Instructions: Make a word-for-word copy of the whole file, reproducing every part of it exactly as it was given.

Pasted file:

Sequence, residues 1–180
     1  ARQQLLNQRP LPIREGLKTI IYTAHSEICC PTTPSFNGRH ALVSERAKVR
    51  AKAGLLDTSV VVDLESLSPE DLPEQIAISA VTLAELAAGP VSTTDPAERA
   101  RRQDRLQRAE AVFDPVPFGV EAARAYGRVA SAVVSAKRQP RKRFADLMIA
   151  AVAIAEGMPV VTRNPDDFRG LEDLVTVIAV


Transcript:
Sequence, residues 1–180
     1  ARQQLLNQRP LPIREGLKTI IYTAHSEICC PTTPSFNGRH ALVSERAKVR
    51  AKAGLLDTSV VVDLESLSPE DLPEQIAISA VTLAELAAGP VSTTDPAERA
   101  RRQDRLQRAE AVFDPVPFGV EAARAYGRVA SAVVSAKRQP RKRFADLMIA
   151  AVAIAEGMPV VTRNPDDFRG LEDLVTVIAV